Android N won’t just be faster and more secure, but offer serious productivity improvements to multitasking and a new multi-window system. Closing the gap between what Apple’s iPad offers for content-creators looking to replace their laptop with a tablet, Android N’s ability to show two apps on-screen simultaneously will bring a new degree of usability for hybrids like Google’s own Pixel C. Meanwhile, there’ll be changes to how notifications are managed in Android N too.
On Android N tablets, there’ll be the ability to float a second window – picture-in-picture style – so that you can carry on watching a video, holding a video call, or monitoring Twitter while simultaneously doing something else on your slate.
That’s something we’ve seen Samsung do independently on its Galaxy tablets, but with Android N it’ll be baked in at the core level.
Unlike Apple’s iOS, however, multi-window won’t be limited to tablets, and will instead be supported on phones. You’ll be able to split the screen in two – the line runs across the center of the screen when you’re holding it in portrait orientation – and then pick from other apps to have displayed at the same time.
That could be handy for consulting a recipe in the browser while also putting together a shopping list in a note-taking app.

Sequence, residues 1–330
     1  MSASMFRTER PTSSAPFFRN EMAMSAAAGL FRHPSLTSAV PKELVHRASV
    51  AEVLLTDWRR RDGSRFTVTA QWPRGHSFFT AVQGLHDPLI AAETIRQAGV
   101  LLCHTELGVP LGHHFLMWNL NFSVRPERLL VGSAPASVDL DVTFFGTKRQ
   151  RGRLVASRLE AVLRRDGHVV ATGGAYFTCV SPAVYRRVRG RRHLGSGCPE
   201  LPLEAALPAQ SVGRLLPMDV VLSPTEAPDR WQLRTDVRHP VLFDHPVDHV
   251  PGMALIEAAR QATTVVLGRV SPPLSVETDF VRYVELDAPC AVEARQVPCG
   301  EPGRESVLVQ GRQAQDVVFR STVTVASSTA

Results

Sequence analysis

For notifications, meanwhile, there’ll be more granular control over what shows up in your status bar. In Android N, you’ll be able to choose which apps can notify, to mute all notifications, or to show more of them.
Long-pressing on a specific notification will allow you to adjust settings for the related app specifically.
The urge to ditch a traditional computer and replace it with a tablet is a topical one. Apple pushed the iPad Pro as a particularly solid way to do that; as we found ourselves, for the most part it’s a legitimate alternative.
Tablets running Android have, though often equipped with keyboard, struggled when it comes to multitasking in comparison.
The new multi-window additions are available in the new Android N release preview that’s available today, and which Google says should be stable enough to install safely on your everyday device.